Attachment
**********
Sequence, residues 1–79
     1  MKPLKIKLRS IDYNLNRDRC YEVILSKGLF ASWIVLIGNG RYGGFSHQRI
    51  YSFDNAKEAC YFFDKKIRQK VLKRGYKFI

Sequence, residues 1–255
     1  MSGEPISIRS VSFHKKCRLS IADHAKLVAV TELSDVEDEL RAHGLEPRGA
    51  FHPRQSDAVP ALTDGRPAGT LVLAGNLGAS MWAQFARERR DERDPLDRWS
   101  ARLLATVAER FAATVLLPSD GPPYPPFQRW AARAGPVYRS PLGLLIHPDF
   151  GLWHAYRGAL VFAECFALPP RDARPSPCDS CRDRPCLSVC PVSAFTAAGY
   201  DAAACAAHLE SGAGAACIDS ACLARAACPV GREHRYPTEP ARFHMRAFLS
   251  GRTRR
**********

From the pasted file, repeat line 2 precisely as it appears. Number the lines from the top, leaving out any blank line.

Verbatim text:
     1  MKPLKIKLRS IDYNLNRDRC YEVILSKGLF ASWIVLIGNG RYGGFSHQRI